Bringing AZT into clinical use was a significant accomplishment, because it gave hope that AIDS would not remain incurable forever. As a form of therapy, however, AZT is not perfect and will probably be supplanted by less toxic agents formulated on the basis of what is known about the HIV life cycle. One promising agent is CD4, the molecule that serves as the viral receptor. Early tests show that soluble CD4 can bind to the virus and prevent it from infecting new cells. Many other drugs are in trials; one of them, perhaps combined with compounds that bolster the immune system, may provide therapy for HIV infection.

In assessing the progress that has been made toward achieving fully effective AIDS therapy, it must be kept in mind that this work has two facets. In addition to combating a complex and evasive pathogen, it must pioneer entirely new areas of medicine.

The reason is that there are few effective treatments for viral diseases-and almost none for retroviruses. There are various reasons for this, among them the fact that viruses (unlike bacteria, for which effective therapies exist) always appropriate the biosynthetic apparatus of the host cell. As a result drugs effective against viruses tend to damage mammalian cells. Yet we are confident that the dual goals of pioneering science and clinical effectiveness will be met.

What is true of therapy is also true of vaccines: an AIDS vaccine will be a pioneering scientific achievement. Since the HIV genome has the capacity to integrate into the chromosomes of the host cell, little serious consideration has been given to using preparations containing the whole virus as a vaccine. An AIDS vaccine must consist of subunits, or parts, of the virus in the right combination. Yet experience with subunit vaccines is slight. Indeed, so far only a few subunit vaccines have proved practical. Much work is under way to find the combination of HIV subunits that will yield the greatest protective response. As in the case of therapy, we believe there will be a practical vaccine against HIV.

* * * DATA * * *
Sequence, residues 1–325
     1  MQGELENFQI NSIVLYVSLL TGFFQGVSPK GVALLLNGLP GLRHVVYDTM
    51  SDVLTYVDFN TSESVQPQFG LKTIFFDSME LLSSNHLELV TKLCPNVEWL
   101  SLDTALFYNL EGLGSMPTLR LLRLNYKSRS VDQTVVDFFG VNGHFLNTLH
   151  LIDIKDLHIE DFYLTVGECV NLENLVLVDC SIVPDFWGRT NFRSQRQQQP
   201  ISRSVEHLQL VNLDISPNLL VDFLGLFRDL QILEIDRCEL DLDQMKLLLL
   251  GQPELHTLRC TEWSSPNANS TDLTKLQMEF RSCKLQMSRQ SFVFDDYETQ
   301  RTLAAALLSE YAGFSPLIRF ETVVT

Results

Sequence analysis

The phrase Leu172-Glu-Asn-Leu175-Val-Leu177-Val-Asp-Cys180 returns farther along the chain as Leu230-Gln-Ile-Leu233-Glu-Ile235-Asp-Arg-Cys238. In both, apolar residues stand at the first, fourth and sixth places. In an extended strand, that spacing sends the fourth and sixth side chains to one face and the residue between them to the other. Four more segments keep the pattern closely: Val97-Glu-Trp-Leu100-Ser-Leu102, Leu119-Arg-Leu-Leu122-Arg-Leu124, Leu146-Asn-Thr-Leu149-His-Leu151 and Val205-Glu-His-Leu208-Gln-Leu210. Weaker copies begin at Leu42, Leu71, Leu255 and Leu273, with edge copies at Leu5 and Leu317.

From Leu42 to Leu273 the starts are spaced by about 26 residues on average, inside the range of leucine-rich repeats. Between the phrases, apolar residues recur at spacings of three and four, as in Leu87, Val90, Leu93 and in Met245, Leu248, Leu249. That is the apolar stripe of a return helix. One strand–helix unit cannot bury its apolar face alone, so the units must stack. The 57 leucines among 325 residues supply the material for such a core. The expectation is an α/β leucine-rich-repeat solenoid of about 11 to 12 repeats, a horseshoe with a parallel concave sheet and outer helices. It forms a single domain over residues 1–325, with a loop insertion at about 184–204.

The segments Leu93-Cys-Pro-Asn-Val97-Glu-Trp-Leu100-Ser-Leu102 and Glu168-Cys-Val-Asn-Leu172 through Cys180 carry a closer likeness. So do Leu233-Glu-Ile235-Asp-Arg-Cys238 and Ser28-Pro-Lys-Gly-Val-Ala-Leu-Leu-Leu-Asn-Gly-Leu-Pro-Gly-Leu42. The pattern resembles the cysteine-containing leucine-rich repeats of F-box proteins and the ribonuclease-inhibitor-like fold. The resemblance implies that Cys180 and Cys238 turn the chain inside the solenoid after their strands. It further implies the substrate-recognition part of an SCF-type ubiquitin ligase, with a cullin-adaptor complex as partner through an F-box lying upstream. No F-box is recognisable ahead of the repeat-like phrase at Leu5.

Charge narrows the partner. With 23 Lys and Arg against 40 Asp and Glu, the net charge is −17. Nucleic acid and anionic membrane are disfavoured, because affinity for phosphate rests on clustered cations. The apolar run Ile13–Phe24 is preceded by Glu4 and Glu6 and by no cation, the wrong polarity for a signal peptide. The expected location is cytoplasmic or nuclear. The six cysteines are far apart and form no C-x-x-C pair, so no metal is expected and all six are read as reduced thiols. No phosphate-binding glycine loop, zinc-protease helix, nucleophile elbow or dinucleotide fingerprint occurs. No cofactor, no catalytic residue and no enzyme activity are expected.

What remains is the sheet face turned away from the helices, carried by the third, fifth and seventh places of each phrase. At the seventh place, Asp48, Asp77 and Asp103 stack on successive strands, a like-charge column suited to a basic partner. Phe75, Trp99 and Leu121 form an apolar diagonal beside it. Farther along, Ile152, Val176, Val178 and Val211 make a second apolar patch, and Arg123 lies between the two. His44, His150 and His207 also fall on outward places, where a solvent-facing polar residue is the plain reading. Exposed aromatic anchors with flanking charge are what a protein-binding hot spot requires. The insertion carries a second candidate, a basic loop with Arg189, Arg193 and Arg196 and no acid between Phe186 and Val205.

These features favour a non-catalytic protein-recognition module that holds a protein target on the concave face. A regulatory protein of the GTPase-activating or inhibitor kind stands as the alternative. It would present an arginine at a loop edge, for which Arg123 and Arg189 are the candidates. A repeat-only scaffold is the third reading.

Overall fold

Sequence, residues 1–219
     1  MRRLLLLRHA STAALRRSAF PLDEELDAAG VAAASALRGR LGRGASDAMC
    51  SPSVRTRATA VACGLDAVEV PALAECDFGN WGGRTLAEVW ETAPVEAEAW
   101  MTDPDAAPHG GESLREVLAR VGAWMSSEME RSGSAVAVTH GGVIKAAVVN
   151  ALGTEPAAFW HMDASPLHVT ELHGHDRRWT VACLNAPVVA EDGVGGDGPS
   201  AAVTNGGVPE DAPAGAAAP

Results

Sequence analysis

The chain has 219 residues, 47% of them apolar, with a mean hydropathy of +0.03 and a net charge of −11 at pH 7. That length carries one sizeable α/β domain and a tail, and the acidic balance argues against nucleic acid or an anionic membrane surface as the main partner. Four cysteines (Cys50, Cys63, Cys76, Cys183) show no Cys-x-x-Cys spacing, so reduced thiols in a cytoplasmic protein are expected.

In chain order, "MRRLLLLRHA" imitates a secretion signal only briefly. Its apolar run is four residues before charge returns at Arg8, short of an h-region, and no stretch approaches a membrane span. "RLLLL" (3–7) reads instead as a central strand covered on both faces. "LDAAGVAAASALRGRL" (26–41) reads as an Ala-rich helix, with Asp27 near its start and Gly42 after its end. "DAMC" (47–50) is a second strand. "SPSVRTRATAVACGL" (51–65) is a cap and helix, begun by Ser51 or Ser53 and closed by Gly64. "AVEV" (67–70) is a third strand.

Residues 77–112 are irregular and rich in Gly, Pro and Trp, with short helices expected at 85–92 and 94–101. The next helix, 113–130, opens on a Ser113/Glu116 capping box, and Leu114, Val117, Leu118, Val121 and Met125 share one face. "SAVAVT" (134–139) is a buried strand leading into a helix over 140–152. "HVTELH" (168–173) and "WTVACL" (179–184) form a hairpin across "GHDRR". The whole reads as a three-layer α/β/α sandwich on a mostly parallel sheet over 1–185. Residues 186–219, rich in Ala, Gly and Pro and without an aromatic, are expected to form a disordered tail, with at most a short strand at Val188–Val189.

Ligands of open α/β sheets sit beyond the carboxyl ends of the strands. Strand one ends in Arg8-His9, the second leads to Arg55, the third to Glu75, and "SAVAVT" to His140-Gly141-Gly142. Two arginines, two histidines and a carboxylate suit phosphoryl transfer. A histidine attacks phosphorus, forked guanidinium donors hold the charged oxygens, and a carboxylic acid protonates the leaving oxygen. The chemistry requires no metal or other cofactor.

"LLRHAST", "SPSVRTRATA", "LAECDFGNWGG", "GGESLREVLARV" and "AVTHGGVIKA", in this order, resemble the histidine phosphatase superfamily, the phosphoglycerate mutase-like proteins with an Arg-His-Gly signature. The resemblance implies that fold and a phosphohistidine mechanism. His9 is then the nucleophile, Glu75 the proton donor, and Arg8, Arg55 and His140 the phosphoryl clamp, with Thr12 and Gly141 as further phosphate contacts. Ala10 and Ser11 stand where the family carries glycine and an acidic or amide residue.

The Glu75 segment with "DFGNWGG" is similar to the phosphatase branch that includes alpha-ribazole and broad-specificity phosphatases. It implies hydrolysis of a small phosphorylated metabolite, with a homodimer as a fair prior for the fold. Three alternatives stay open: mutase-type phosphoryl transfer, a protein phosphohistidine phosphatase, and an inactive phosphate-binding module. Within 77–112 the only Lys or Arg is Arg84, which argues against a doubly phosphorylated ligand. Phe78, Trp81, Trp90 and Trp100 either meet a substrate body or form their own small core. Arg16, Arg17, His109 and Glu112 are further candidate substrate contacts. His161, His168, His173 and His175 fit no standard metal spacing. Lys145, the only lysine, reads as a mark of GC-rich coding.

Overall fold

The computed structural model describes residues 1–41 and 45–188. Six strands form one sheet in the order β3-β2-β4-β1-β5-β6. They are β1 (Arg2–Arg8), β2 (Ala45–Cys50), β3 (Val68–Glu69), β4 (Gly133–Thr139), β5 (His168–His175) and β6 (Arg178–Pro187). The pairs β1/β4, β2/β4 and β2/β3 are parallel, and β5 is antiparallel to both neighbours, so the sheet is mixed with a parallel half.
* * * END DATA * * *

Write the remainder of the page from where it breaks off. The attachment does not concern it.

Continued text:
Perhaps an even more persuasive reason for hope is that even without a vaccine or a cure, what is already known could bring the epidemic under control. The blood supply has already been largely secured by the presence of a blood test. Moreover, the modes of transmission of HIV-blood, sexual intercourse and from mother to child-are firmly established. Hence any individual can drastically reduce his or her risk of infection. If such knowledge were applied everywhere, there would be a sharp leveling off in the spread of HIV infection, as there has been in some groups in the developed world. The lesson here is that there is a need for education about HIV infection--in clear, explicit language and as early as possible.